This project was funded in part with federal funds from the USDA/ARS under Cooperative Agreement 58-6250-6-001 and National Center for Research Resources General Clinical Research for Children Grant RR00188. Prolacta Bioscience provided the product for the study.

Learn more about Texas Children's donor breast milk program.

Dipali Pathak | Eurek Alert!
Further information:
http://www.bcm.edu

Further reports about: Human Medicine NICU breast grow infants milk premature volume weight

More articles from Health and Medicine:

nachricht Nanoparticle versus cancer
21.07.2016 | Lomonosov Moscow State University

nachricht Titanium + gold = new gold standard for artificial joints
21.07.2016 | Rice University

All articles from Health and Medicine >>>

The most recent press releases about innovation >>>

Die letzten 5 Focus-News des innovations-reports im Überblick:

Im Focus: Mapping electromagnetic waveforms

Munich Physicists have developed a novel electron microscope that can visualize electromagnetic fields oscillating at frequencies of billions of cycles per second.

Temporally varying electromagnetic fields are the driving force behind the whole of electronics. Their polarities can change at mind-bogglingly fast rates, and...

Im Focus: Continental tug-of-war - until the rope snaps

Breakup of continents with two speed: Continents initially stretch very slowly along the future splitting zone, but then move apart very quickly before the onset of rupture. The final speed can be up to 20 times faster than in the first, slow extension phase.phases

Present-day continents were shaped hundreds of millions of years ago as the supercontinent Pangaea broke apart. Derived from Pangaea’s main fragments Gondwana...

Im Focus: A Peek into the “Birthing Room” of Ribosomes

Scaffolding and specialised workers help with the delivery – Heidelberg biochemists gain new insights into biogenesis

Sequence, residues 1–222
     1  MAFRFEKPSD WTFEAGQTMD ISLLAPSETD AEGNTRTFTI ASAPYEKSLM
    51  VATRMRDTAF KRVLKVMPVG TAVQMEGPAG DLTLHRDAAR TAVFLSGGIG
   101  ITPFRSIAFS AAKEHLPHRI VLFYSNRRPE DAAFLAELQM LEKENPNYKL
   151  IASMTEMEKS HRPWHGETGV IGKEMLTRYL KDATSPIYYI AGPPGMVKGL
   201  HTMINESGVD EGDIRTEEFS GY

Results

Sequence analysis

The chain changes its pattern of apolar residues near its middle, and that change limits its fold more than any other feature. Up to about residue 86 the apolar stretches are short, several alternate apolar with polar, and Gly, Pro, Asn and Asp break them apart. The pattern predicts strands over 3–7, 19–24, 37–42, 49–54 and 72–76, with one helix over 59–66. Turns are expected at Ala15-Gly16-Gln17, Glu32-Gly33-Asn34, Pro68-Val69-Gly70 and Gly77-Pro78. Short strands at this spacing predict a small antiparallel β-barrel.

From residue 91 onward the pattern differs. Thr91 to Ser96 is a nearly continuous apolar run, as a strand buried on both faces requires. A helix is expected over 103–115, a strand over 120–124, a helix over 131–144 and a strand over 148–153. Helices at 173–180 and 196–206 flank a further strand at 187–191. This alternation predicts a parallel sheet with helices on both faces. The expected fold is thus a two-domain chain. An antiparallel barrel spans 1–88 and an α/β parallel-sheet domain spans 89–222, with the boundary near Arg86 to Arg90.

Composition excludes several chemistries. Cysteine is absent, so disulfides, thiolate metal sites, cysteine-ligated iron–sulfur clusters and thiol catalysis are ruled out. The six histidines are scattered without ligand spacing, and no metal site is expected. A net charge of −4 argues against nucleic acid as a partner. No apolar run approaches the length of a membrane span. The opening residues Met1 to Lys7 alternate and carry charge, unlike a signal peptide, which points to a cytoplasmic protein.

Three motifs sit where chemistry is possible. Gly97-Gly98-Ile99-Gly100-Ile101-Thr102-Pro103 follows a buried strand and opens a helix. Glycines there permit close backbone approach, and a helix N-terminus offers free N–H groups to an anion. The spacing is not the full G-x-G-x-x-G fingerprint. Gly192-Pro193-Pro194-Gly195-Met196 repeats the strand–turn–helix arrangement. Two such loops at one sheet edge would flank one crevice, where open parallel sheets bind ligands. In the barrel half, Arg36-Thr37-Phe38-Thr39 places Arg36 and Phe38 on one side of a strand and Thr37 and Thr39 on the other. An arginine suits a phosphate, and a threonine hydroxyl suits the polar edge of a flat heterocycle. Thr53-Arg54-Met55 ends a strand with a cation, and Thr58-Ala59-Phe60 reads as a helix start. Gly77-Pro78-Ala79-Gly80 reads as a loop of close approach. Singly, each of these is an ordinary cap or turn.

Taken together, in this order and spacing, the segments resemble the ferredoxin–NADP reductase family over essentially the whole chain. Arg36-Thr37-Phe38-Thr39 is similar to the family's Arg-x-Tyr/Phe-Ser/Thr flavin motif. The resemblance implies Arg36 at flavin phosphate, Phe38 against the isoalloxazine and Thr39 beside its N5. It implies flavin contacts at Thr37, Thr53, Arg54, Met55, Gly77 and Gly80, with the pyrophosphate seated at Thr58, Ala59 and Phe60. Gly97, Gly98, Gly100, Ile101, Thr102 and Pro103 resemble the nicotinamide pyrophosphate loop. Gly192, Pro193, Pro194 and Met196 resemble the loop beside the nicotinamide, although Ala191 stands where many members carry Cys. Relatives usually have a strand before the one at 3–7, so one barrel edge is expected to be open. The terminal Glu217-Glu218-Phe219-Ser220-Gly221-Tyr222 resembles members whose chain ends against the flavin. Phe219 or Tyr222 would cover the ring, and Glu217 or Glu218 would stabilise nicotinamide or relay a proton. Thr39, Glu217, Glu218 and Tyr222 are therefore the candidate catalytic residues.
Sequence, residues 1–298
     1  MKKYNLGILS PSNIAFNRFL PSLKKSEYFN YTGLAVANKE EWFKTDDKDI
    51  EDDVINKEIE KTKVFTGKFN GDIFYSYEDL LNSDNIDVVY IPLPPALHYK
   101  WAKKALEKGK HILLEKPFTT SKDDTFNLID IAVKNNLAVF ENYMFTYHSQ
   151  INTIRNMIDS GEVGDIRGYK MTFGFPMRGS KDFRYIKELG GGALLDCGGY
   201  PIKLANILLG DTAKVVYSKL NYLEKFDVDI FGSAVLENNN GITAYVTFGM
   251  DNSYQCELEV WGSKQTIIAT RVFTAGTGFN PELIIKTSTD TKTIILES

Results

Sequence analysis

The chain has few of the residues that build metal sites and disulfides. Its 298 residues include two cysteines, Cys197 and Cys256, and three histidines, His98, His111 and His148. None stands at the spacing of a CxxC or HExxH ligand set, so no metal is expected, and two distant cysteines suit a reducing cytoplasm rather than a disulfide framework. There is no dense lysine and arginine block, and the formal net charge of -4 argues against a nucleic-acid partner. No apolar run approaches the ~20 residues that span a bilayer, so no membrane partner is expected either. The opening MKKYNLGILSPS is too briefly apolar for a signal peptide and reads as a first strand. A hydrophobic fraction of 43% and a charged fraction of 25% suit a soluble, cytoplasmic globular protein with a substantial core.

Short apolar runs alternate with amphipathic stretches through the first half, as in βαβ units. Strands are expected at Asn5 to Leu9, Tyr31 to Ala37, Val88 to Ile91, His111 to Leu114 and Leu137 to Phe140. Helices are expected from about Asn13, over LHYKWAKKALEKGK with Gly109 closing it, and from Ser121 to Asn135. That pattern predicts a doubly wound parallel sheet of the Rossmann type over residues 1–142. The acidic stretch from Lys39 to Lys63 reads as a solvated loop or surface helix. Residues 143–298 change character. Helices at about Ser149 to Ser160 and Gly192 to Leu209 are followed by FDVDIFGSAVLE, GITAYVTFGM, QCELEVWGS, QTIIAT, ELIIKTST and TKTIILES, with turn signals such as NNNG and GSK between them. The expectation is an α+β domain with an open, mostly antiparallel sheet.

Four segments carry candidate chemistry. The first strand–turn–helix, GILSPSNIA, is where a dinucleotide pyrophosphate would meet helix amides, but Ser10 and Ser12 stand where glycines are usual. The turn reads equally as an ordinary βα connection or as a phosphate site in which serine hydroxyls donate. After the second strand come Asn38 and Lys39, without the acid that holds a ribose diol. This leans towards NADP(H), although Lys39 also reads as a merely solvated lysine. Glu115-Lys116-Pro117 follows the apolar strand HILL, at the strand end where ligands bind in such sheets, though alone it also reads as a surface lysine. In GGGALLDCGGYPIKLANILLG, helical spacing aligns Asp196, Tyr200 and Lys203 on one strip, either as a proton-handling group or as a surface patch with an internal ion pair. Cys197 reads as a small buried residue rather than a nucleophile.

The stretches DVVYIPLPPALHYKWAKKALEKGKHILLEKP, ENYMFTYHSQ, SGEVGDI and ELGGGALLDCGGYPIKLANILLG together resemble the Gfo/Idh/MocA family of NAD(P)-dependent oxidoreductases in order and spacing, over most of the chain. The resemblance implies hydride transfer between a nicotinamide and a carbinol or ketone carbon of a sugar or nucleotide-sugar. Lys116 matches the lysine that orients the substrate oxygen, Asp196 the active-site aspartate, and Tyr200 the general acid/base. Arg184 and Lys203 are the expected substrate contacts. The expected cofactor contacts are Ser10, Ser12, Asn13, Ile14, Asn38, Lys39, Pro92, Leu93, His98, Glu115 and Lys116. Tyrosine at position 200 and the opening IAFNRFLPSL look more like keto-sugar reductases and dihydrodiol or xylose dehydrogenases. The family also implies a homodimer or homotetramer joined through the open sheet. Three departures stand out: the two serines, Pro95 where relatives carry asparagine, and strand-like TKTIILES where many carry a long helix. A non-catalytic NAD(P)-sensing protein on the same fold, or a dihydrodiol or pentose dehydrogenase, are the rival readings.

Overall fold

A type of scaffolding on which specialised workers ply their trade helps in the manufacturing process of the two subunits from which the ribosome – the protein...

Im Focus: New protocol enables analysis of metabolic products from fixed tissues

Scientists at the Helmholtz Zentrum München have developed a new mass spectrometry imaging method which, for the first time, makes it possible to analyze hundreds of metabolites in fixed tissue samples. Their findings, published in the journal Nature Protocols, explain the new access to metabolic information, which will offer previously unexploited potential for tissue-based research and molecular diagnostics.

In biomedical research, working with tissue samples is indispensable because it permits insights into the biological reality of patients, for example, in...

Im Focus: Computer Simulation Renders Transient Chemical Structures Visible

Chemists at the University of Basel have succeeded in using computer simulations to elucidate transient structures in proteins. In the journal Angewandte Chemie, the researchers set out how computer simulations of details at the atomic level can be used to understand proteins’ modes of action.

Using computational chemistry, it is possible to characterize the motion of individual atoms of a molecule. Today, the latest simulation techniques allow...

All Focus news of the innovation-report >>>

Anzeige

Anzeige

Event News

GROWING IN CITIES - Interdisciplinary Perspectives on Urban Gardening

15.07.2016 | Event News

SIGGRAPH2016 Computer Graphics Interactive Techniques, 24-28 July, Anaheim, California

15.07.2016 | Event News

Partner countries of FAIR accelerator meet in Darmstadt and approve developments

11.07.2016 | Event News

 
Latest News

Hey robot, shimmy like a centipede

22.07.2016 | Information Technology

New record in materials research: 1 terapascals in a laboratory

22.07.2016 | Physics and Astronomy

University of Graz researchers challenge 140-year-old paradigm of lichen symbiosis

22.07.2016 | Life Sciences

VideoLinks
B2B-VideoLinks
More VideoLinks >>>